The main window in the Kitchen of Many Delights is very oddly located in a well that sits behind the kitchen sink.  It means that we can't easily get to the window.  In fact, in order to hang a curtain there last summer, I had to get a step stool, climb up onto the counter, and then balance carefully while I reached across the well beyond the sink.  Hanging a curtain is possible, but it's not a feasible thing to open and shut a curtain often; adjusting the curtain requires step stools and clambering.

Last summer, we just hung a curtain all summer long, which suited my husband just fine, but left me a bit sad, because I'm such a sunlight fanatic.  

Okay, so that's the problem.  Ready for the solution?  Scrap lumber, leftover paint, and a bunch of nails rescued from some trash-picked furniture that I'd disassembled.  I used these to make shade thingie.  (I'm sure there's a name for these, but I haven't been introduced, sorry).

Here's the new view from inside the Kitchen of Many Delights, looking out.  

These slats block the sun from shining straight in like a torture-interrogation device, but they let light in indirectly.  Lovely!

Here's the view from the outside.   Can you tell that every individual slat come from a different kind of board (they're different thicknesses, different textures, etc)?  I bet you can't.  And since this is on the side of the house that no one can see from the street, I bet no one else will be able to tell that either . . . not that I'd care if they did.  The side bars were a large rescued former fence board that I zig-zag cut with the jigsaw; you can see that I ran out of material for the bottom slats, but the slats that are already there are quite enough to do the job, so I'm fine with stopping there.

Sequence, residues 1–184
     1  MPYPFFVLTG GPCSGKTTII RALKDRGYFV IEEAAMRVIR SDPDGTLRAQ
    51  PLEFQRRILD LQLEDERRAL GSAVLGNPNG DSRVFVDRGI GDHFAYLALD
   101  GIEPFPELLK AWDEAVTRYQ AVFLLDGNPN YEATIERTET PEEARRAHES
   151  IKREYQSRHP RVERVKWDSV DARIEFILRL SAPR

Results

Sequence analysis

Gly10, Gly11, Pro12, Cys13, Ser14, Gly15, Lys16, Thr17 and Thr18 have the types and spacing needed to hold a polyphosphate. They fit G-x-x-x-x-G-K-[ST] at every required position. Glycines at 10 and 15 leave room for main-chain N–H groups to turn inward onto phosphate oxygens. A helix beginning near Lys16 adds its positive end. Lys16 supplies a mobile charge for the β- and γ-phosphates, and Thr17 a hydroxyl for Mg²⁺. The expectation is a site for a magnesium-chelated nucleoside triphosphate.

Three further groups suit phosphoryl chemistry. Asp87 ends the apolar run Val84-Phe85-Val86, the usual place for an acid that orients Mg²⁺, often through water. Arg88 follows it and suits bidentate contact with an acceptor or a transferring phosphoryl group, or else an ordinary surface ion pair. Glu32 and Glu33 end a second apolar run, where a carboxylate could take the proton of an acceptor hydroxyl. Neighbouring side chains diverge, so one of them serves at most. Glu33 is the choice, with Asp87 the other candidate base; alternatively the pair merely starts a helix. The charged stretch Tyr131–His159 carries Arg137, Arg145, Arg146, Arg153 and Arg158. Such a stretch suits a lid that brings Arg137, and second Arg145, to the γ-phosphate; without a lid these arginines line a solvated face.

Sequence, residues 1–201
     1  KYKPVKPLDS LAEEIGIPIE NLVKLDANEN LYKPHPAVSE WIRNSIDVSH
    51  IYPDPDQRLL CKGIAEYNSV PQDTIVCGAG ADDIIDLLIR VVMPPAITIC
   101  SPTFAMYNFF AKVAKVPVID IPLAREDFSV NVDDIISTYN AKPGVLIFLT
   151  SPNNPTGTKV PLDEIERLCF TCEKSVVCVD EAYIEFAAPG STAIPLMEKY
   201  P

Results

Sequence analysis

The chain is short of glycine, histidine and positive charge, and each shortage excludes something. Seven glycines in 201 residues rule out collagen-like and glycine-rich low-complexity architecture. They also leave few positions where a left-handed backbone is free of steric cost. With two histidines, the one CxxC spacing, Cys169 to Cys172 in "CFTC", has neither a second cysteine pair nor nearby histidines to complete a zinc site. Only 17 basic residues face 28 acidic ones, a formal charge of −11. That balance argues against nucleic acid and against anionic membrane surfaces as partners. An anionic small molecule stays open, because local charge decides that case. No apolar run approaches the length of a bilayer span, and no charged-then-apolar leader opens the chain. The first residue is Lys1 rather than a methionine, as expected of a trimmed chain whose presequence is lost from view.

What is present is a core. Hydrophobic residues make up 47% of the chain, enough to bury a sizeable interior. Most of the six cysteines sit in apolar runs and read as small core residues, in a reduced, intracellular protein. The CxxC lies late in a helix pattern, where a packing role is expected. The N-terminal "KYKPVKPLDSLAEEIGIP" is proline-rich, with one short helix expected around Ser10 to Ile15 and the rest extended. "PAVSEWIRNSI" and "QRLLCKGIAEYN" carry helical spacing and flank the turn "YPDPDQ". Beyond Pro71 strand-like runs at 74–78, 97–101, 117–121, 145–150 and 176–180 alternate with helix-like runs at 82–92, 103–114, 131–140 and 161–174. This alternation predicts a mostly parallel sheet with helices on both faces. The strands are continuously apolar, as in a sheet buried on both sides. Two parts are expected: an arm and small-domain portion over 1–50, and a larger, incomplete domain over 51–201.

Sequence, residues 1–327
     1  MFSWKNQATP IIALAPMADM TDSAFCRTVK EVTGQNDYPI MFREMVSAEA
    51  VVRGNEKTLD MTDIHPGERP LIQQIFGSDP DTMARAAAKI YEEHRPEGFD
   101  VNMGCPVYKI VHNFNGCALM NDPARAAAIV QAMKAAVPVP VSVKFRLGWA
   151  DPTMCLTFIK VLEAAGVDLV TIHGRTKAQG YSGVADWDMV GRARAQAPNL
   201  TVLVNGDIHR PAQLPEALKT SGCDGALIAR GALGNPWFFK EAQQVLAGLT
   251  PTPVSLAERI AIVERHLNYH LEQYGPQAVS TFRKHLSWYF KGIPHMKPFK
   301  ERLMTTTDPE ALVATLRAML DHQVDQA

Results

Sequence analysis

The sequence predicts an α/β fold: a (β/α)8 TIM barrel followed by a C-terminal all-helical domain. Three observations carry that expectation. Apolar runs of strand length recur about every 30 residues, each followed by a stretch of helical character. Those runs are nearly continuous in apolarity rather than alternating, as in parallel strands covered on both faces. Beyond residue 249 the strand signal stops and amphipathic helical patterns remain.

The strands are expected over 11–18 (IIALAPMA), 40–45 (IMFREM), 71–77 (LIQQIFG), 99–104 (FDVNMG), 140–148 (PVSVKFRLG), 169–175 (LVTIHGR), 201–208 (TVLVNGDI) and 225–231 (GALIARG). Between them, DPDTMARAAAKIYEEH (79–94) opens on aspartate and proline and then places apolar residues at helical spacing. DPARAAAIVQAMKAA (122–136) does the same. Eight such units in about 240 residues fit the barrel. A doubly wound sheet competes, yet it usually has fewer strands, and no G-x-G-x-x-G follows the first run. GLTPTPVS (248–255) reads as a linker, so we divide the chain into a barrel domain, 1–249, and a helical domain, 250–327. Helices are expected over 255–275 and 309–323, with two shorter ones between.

And that's my latest happiness project, costing $0 and giving me the chance to make a mess with a few of my power tools.  Yes!

Saturday, May 22, 2021

Miser family update: school, socks, voting, travel, and a good-bye or two

 Life continues to  be rich and full in the Miser Family Household.   We've come to the end of an era here.   Anyone remember this photo collage?  

It's from a year ago, our very first themed "Family Fun Foto" collage together.  I've loved pulling these together, but I also knew we'd not want to do this for the rest of our lives, so instead of pulling together a collage, I'm using the one-year mark as a decision point for pulling the plug.  Good-bye, Family Fun Foto series! That was a lot of fun while it lasted.  

There is still interesting news coming from the family, though.   For one thing, K-daughter successfully closed out another semester of college . . . it's looking like she has one more summer's worth of classes to take, and she'll be done.  This is a huge accomplishment, what with two kids and a pandemic and such; at least that's what I think.